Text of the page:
Underneath Mozilla's blatantly hypocritical posturing about 'censorship' and freedom of speech, net neutrality is really just about a money grab.
By Robert Tracinski | The Federalist
Does anyone have an idea why this might give us pause—why warnings about a corporation dictating what people can say might come off a bit wrong, especially when it comes from Firefox and its parent company Mozilla?
If not, let me refresh your memory: Mozilla is the company that, all the way back in the misty past of 2014, fired its co-founder and CEO Brendan Eich when it was revealed that he had made a small donation to a campaign to put gay marriage on the ballot in California. So he was hounded out of his job because “love wins,” or something. But by all means, Mozilla is now very concerned that corporations might try to dictate what people can think.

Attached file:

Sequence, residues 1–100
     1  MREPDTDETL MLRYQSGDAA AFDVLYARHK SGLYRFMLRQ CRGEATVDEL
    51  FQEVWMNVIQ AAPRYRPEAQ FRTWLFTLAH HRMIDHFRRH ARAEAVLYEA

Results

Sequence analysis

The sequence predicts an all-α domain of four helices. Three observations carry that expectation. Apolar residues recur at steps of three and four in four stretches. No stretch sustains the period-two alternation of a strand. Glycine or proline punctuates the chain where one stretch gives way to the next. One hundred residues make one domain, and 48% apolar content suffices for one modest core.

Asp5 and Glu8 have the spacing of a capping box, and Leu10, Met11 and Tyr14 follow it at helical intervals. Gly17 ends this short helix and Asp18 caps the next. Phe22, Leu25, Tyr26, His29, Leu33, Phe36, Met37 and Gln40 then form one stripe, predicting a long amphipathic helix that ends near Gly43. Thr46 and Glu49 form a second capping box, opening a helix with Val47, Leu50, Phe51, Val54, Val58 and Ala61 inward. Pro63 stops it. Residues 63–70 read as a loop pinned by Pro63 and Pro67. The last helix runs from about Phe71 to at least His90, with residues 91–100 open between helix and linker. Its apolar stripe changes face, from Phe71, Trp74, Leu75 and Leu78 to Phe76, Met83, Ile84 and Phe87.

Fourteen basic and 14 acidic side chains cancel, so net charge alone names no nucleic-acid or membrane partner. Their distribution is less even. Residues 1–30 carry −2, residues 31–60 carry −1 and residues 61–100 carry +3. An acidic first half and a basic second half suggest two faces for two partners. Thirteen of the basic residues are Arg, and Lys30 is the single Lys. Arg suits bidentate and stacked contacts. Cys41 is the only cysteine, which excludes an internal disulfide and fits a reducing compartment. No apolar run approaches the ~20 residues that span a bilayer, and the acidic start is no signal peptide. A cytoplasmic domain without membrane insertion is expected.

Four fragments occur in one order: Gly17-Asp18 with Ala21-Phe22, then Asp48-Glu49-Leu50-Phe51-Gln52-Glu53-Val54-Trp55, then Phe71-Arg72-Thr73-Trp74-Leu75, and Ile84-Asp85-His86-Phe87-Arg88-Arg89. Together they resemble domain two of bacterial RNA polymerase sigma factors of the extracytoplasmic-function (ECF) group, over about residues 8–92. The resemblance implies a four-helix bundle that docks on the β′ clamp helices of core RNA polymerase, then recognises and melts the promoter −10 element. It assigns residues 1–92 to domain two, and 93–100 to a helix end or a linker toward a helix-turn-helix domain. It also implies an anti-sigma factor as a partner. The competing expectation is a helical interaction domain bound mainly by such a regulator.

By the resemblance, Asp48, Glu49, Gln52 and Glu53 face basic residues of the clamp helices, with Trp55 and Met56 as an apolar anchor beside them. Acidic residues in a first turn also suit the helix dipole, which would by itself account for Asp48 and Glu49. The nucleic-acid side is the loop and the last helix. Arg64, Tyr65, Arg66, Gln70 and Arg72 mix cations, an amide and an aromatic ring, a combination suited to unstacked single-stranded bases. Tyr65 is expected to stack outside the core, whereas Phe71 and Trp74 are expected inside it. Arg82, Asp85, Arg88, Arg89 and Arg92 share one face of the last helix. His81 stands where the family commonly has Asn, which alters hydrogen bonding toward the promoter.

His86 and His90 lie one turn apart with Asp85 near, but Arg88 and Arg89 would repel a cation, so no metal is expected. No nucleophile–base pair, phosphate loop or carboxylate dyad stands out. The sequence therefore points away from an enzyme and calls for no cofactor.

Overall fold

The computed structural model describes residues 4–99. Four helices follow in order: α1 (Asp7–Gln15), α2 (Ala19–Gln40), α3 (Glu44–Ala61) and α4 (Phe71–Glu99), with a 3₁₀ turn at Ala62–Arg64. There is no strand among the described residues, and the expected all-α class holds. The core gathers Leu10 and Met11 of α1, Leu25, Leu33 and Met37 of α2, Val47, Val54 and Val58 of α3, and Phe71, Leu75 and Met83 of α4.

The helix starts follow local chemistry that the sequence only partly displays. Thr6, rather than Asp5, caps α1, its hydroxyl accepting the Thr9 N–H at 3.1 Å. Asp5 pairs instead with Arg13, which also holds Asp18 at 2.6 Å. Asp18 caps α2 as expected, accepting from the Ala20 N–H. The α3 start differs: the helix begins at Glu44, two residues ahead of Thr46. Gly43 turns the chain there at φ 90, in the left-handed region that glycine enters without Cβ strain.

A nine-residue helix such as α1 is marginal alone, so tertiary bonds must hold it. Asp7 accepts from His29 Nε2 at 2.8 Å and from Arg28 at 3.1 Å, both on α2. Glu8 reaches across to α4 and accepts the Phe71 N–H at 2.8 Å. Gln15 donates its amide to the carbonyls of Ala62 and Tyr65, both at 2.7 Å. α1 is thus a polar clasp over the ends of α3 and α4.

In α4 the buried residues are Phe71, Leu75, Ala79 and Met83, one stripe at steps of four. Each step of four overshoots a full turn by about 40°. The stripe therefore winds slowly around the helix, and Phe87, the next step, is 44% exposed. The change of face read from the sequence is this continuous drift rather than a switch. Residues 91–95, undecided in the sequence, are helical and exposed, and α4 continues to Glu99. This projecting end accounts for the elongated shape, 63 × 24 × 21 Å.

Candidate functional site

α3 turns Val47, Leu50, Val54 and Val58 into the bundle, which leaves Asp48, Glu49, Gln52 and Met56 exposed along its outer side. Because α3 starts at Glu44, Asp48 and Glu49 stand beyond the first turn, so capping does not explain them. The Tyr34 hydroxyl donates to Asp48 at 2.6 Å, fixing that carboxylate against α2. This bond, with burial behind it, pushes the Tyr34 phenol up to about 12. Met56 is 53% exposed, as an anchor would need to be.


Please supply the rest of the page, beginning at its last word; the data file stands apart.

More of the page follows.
Mozilla firing Brendan Eich was not “censorship.” Only government can impose censorship, because only government can use force to impose systematic controls on speech. Freedom of speech means that you have a right to say whatever you want, but you also have to face social repercussions from other people, who have a right to decide they no longer want to be friends with or do business with you—even if they do so unjustly. So Mozilla’s decision to fire Eich may have been stupid and intolerant, and it might reveal the gap between the conformist code of Silicon Valley and the values of the rest of the nation, but it isn’t “censorship.”